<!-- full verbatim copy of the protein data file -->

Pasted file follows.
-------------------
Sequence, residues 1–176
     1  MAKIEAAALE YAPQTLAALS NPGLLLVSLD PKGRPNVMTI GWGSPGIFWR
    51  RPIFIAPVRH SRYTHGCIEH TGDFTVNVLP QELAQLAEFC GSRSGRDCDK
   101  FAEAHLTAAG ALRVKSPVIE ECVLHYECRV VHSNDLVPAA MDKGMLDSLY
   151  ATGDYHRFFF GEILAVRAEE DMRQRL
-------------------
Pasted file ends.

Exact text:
Sequence, residues 1–176
     1  MAKIEAAALE YAPQTLAALS NPGLLLVSLD PKGRPNVMTI GWGSPGIFWR
    51  RPIFIAPVRH SRYTHGCIEH TGDFTVNVLP QELAQLAEFC GSRSGRDCDK
   101  FAEAHLTAAG ALRVKSPVIE ECVLHYECRV VHSNDLVPAA MDKGMLDSLY
   151  ATGDYHRFFF GEILAVRAEE DMRQRL